If you have ever taken the Backlot Tour at Disney’s Hollywood Studios, you’ve passed by an airplane parked near the Lights, Motors, Action Stunt Show Stadium. The tram driver (or more recently the recording) explains that the plane, which is now retired, is a piece of Disney history.

The Gulfstream 1 on display was used by executives and Imagineers in the 1960s as they traveled back and forth between Disney’s headquarters in California and the huge construction project at Walt Disney World, and later, Epcot.

Let’s look at six fascinating facts about this plane:

1 – This was not THE plane where Walt made his decision

While Walt did use the plane on display during scouting trips where he looked at land for his new theme park, this was not the specific plane on which he made the final decision to go ahead with the huge land purchase in Central Florida. That plane was another in the Disney fleet, a Beechcraft Queen Air.

The Gulfstream 1, also known as "The Mouse," now rests in Disney's Hollywood Studios.

The Gulfstream 1, also known as “The Mouse,” now rests in Disney’s Hollywood Studios.

2 –Walt liked to be in the cockpit

Even though it frightened the Disney corporate legal team, Walt liked to be in the cockpit. In fact, Jim Korkis (Source) reports that Walt would even control the plane occasionally. He also stated that Walt’s wife, Lillian, was irritated by that.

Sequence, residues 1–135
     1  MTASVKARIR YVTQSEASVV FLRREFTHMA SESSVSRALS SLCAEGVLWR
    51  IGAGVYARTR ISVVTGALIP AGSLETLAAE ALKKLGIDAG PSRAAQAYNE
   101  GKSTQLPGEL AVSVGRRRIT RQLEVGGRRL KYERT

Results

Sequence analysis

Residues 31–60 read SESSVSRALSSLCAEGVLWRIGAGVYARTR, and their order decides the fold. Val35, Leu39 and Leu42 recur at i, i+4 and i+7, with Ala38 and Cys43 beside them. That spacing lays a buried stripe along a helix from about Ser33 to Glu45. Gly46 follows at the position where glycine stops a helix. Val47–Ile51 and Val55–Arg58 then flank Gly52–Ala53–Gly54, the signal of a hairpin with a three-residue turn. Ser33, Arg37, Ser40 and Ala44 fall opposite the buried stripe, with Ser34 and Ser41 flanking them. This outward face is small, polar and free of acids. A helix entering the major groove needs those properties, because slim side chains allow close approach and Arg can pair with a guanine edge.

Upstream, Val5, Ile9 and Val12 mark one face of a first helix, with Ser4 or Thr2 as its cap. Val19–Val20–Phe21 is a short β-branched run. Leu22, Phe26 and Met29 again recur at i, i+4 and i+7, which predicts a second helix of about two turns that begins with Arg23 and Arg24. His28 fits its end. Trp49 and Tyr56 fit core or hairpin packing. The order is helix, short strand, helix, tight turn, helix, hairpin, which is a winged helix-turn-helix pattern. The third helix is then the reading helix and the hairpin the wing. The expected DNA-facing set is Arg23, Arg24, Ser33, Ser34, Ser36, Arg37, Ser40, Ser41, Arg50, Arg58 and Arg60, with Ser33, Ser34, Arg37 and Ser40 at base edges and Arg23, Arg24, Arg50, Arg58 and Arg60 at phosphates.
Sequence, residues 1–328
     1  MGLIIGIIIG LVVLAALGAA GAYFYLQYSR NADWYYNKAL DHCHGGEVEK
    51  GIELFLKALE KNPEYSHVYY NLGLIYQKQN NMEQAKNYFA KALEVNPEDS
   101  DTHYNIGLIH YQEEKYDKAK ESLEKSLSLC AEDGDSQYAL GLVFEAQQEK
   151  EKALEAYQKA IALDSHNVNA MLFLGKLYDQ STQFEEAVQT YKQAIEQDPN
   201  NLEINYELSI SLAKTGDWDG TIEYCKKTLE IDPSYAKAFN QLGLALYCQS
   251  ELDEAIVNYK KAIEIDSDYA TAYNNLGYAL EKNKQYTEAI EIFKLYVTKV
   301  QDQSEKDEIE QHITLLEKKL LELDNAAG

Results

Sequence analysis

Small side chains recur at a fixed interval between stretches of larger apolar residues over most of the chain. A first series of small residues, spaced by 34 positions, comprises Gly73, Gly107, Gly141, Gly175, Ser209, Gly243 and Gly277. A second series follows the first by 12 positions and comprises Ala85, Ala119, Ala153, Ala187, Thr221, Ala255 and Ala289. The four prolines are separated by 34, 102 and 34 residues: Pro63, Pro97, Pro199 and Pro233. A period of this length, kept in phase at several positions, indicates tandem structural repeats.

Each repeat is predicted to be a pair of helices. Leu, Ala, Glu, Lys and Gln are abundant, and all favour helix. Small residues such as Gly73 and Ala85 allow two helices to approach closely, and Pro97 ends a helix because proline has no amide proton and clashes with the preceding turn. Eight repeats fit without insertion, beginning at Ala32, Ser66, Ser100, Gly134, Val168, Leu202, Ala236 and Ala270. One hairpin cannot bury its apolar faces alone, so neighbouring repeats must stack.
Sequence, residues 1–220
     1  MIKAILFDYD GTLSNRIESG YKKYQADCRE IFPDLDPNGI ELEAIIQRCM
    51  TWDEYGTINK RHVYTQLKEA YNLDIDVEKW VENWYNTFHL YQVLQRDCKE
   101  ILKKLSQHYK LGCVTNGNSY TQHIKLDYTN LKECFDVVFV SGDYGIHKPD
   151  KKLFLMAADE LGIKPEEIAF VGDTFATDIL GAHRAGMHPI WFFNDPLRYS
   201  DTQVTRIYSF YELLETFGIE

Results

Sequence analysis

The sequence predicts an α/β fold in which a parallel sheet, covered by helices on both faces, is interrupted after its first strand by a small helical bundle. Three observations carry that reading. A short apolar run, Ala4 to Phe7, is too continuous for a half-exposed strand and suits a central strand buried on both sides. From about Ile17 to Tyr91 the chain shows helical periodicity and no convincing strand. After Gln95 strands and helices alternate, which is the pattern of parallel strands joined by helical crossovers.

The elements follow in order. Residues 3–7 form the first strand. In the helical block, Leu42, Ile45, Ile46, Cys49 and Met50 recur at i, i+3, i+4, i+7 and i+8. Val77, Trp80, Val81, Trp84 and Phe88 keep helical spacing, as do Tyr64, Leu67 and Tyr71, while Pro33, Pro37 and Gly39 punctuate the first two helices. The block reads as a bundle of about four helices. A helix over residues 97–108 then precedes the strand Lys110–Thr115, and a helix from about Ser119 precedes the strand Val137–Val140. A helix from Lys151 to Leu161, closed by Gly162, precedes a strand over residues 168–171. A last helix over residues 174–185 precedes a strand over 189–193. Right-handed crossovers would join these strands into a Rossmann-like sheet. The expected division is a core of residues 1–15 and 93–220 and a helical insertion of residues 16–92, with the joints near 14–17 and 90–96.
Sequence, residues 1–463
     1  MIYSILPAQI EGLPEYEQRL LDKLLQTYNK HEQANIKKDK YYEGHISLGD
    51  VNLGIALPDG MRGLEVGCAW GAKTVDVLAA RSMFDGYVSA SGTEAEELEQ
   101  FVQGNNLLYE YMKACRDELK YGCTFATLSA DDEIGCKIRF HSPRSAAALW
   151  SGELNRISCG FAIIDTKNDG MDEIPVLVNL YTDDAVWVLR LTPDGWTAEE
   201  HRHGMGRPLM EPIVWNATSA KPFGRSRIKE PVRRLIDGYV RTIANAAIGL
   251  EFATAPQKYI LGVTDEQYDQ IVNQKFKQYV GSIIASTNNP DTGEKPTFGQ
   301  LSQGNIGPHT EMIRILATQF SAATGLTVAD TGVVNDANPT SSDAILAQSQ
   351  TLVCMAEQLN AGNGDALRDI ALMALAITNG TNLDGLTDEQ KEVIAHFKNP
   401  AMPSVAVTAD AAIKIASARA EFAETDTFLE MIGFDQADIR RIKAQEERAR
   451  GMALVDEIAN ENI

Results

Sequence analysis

3 – Disney had three different planes in their corporate fleet in the 1960s

In addition to the Gulfstream 1 that is on display in Disney’s Hollywood Studios and the Beechcraft Queen Air (the plane on which Walt made the final decision to locate his park in Central Florida), Disney also operated at Beechcraft King Air. It was similar to the Beechcraft Queen Air, but it reportedly could fly much faster.

4 – The plane on display is numbered “November Two Three Four Mickey Mouse”

When Walt used the plane for scout trips, it had the FAA identified number of N732G. The identification number of N234MM was used by all three planes – first Disney’s Queen Air, followed by Disney’s King Air, and finally followed by the Gulfstream which holds the number today. When speaking with the traffic controllers, pilots use the phonetic alphabet – where you speak “November” for the letter “N”, and “Mike” for the letter “M”. Pilots would use the identification of “Metro Metro” at first, but then often followed up by staying “Mickey Mouse” instead. Soon the identifier stuck, and thus the plane was nicknamed “The Mouse”.

5 – The plane logged plenty of miles

Back in the 1960s, the plane now displayed at the Studios earned the distinction of being the most utilized Gulfstream in a corporate fleet. That is because it was constantly shuttling executives and engineers between the California headquarters, the New York World’s Fair site, and the Florida site.

6 – The Mouse retired in the 1980s

Disney retired the Gulfstream in the 1980s because it became faster to take a commercial flight between California and Florida than it was to fly on the Gulfstream. Disney gutted the interior, so it is unlikely that the airplane affectionately known as The Mouse will take to the skies again.

Do you like seeing Disney’s plane on display in the Studios?